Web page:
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The King's School, Pontefract
|Founder||Edward VI of England|
|Location||Mill Hill Lane
|DfE URN||139500 Tables|
|Ofsted||Reports Pre-academy reports|
|Students||1027 (year 7 105)|
The King's School is a coeducational secondary school with academy status, located in Pontefract,West Yorkshire, England. It is one of the four oldest schools in Yorkshire, dating from 1139 and was refounded by King Edward VI in 1548.
King's School Pontefract was founded in 1139. Little documentation survives from its early years, and it was refounded in the reign of King Edward VI. It has been associated with the Duchy of Lancastersince 1588 when it was given an endowment to allow it to continue functioning. In 1792 it was refounded yet again by George III who is the eponymous king. Annual payments of £50 were made by the Duchy of Lancaster until 1869. It closed in the 1880s but reopened on 4 May 1890 and since then it has enjoyed a continuous existence up to the present day, although it was relocated in 1932.
The present buildings were opened on 14 July 1932 by Sir F. Stanley Jackson. It was a boys' grammar school with around 650 boys, operated by the West Riding County Council. Four houses were formed, each associated with a name and a colour. They were Atkinson (yellow), Lyon (blue), de Lacy (green) and King Edward (red). Classes corresponding to years were numbered from 1 to 5 with three streamed classes in each year from and including Form 2. Upon entry to the school boys were placed in classes 1A, 1B and 1C ordered by surname alphabetically. In the second form streaming started with the top 30 rated pupils being placed in 2R (R for Rapid as year 3 was skipped by these pupils, passing directly to 4R). The other classes in the second form were 2A1 and 2A2, arranged by Surname alphabetically. Thereafter the classes were for example in the 5th form: 5R, 5A1 and 5A2. All pupils had a form master and went to classes with specialist Teachers. There were not enough rooms for all classes to have a form room - some of the upper sixth form used to have the corridor outside the dining room as their form room. Only a few pupils stayed on for the sixth form, many pupils left the school at 16. It was expected that the R-class pupils would go on to the sixth form. The Grammar school had a long tradition of playing Rugby Union and there were large fields outside for this purpose, converting to cricket in the summer. Notable Teachers from the 1960's, 1970's included Mr. ('Esta') Dunn (Latin), Mr. T ('Tom') Sealy (Geography) Mr. ('Moggy') Myers (Art) and Mr. John ('Spin') Dwyer (History). All teachers in those days were given a usually affectionate nickname.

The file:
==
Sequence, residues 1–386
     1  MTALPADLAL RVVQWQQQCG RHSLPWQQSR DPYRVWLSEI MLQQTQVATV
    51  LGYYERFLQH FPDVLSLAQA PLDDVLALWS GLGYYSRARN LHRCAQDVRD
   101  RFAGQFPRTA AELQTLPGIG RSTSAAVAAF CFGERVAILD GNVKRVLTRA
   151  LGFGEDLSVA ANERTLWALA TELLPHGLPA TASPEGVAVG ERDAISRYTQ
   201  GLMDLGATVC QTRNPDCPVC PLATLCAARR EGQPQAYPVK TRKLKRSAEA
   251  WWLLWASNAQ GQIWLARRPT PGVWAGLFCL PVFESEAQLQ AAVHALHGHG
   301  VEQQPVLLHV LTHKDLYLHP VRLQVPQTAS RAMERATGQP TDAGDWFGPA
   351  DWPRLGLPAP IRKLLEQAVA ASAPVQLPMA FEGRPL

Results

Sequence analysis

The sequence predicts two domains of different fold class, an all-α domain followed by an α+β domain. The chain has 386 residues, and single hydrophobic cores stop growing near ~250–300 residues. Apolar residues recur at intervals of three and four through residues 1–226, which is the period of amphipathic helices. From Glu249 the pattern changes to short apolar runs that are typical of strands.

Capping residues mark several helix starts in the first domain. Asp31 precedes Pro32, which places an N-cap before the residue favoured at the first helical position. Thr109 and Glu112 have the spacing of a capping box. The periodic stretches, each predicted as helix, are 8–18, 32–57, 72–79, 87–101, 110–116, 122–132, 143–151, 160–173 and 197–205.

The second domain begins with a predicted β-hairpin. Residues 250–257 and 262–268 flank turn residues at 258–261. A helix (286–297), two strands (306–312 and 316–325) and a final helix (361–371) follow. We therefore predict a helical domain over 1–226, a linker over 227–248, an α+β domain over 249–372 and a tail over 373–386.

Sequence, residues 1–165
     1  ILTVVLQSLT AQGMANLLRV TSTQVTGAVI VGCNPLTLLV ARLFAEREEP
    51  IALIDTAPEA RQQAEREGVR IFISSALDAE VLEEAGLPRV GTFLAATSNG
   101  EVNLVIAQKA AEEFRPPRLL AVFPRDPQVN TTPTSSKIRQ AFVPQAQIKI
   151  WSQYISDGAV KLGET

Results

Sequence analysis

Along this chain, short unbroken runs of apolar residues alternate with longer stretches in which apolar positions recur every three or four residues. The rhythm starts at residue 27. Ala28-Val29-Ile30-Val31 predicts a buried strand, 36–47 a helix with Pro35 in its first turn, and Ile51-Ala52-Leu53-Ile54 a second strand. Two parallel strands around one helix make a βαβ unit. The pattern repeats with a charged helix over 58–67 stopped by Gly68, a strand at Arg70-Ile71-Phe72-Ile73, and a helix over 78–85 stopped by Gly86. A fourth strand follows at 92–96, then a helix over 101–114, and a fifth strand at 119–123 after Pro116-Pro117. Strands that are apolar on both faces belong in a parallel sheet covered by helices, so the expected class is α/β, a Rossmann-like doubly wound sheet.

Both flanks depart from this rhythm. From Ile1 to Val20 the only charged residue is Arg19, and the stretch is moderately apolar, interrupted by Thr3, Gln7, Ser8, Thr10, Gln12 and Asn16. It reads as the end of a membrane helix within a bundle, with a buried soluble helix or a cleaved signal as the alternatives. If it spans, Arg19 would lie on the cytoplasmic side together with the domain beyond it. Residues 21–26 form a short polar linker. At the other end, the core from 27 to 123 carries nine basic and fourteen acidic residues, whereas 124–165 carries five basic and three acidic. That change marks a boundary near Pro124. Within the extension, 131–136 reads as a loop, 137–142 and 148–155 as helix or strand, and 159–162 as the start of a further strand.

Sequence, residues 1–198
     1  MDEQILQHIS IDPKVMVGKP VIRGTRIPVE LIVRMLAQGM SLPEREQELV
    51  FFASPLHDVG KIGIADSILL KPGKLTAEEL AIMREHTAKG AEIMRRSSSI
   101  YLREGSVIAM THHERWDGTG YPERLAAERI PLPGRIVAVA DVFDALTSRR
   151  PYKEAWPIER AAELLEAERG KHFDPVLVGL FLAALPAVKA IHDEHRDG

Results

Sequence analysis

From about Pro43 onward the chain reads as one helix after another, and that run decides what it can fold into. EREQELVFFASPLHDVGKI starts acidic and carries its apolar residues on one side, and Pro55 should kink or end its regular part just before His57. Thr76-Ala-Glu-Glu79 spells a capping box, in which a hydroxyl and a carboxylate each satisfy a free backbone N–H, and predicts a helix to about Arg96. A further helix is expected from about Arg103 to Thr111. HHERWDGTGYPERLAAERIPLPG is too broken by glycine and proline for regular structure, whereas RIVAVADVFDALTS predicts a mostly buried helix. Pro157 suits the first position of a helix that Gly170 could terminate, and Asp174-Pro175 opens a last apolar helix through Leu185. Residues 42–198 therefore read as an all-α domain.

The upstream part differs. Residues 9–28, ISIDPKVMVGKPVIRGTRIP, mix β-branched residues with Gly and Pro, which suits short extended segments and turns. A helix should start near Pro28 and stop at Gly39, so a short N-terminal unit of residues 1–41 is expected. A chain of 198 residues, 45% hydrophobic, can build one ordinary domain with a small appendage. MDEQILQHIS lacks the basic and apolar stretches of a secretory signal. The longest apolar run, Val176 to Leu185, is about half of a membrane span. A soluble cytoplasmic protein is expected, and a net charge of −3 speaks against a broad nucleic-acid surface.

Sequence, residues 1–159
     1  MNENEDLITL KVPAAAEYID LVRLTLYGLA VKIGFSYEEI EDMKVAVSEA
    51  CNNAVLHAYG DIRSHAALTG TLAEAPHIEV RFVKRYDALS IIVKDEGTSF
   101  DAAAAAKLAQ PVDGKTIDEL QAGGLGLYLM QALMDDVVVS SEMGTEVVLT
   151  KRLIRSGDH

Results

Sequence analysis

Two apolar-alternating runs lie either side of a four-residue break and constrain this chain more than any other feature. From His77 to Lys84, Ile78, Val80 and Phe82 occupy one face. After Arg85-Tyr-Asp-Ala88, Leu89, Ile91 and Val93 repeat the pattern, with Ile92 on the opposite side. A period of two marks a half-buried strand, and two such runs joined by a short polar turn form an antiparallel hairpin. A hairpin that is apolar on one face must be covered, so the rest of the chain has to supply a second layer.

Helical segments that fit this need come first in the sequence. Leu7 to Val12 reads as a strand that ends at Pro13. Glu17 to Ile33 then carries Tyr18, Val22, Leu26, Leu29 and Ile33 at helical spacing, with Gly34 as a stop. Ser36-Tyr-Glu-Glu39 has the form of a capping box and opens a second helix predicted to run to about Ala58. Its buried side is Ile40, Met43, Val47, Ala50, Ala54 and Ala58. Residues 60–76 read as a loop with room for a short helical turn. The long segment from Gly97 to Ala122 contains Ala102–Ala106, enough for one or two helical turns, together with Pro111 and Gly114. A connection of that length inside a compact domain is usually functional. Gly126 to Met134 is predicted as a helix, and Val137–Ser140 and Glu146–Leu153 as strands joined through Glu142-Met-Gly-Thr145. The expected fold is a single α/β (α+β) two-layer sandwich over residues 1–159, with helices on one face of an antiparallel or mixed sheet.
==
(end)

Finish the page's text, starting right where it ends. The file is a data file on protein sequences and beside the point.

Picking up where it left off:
It became a comprehensive with a sixth form in 1978. Pontefract Girls' High School, the girls' grammar school became New College, Pontefract, and 11-18 school. In 1987, Pontefract schools lost their sixth form, with a sixth form college being established at NEW College, Pontefract.
The school converted to academy status on 1 April 2013.
The following have been headmasters:
- J. G. Peck (1970–77)
- Alan Aldous (1959–70)
- Edward Forrest (1939–59)
The school is currently situated on a raised area near Ackworth Road in Pontefract, along Mill Hill Lane, southwest of the town centre and the A645/A639 crossroads. There are over 1,000 pupils, 55 full-time and 8 part-time teaching staff with a similar number of additional staff. Its current headteachers are Julie Craig and Barbara Tibbetts. The King's School, Carleton Community High School and many of the Primary Schools in the two pyramids are now members of The Pontefract Education Trust whose main purpose, along with providing the best education possible for all Pontefract children, is to co-operate with each other for the benefit of all.
The school is heaped in tradition, especially when it comes to sporting traditions, with its major sporting events being rugby union (the year 11 team reached the final of the Yorkshire Cup in 2006) and athletics, with a lot of athletes going on to achieve many local and national honours. 
Notable former pupils
- Derek Birdsall, graphic designer, who redesigned the Book of Common Prayer in 2000.
- Prof Ken Booth, E. H. Carr Professor of International Politics from 1999–2008 at Aberystwyth University.
- David Cockburn, the Certification Officer for Trade Unions and Employers’ Associations since 2001, and Chairman from 1983–6 of theIndustrial Law Society.
- Michael Eaton, former chief spokesman of the National Coal Board during the miners' strike.
- Lieutenant-General Sir Scott Grant KCB, Chief Royal Engineer from 1999–2004, Quartermaster-General to the Forces from 1998-2000, andColonel Commandant from 1997–2004 of the Royal Engineers.
- Prof. Peter Howdle, Professor of Clinical Medicine from 2006-9 at the University of Leeds, and Professor of Clinical Education from 1996-2006.
- Dr Henry John Poskitt, RC Bishop of Leeds from 1936–50.
- Rich Johnston, cartoonist, writer and journalist.
- Simon Thorp, Viz cartoonist.
- Peter Townend, former social editor of Tatler.
- Prof. Alan Murray, the Hoare Chair in Responsible Management at Winchester Business School 2012 onwards.
- Nick Revell, stand-up comedian and scriptwriter.